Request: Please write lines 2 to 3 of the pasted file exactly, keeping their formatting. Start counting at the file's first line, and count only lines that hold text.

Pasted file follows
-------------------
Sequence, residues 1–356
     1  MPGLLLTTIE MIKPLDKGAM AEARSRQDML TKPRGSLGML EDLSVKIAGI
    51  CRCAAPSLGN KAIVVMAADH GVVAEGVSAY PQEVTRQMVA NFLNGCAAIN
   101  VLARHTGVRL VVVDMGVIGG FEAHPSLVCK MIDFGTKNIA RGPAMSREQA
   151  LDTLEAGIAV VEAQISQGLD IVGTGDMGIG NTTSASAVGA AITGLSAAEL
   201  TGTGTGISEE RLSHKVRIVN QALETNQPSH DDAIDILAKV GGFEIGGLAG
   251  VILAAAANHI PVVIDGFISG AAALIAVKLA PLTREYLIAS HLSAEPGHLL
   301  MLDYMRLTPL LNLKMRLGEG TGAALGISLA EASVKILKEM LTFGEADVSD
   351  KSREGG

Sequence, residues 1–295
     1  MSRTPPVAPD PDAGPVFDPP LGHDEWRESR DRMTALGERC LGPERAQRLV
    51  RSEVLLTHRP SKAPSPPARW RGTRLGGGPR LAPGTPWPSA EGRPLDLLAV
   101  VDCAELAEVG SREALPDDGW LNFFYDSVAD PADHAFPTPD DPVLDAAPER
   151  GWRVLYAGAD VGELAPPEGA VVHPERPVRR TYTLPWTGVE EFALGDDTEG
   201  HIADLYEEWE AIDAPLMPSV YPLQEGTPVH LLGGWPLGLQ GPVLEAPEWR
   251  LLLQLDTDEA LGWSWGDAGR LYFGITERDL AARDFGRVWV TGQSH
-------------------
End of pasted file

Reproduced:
     1  MPGLLLTTIE MIKPLDKGAM AEARSRQDML TKPRGSLGML EDLSVKIAGI
    51  CRCAAPSLGN KAIVVMAADH GVVAEGVSAY PQEVTRQMVA NFLNGCAAIN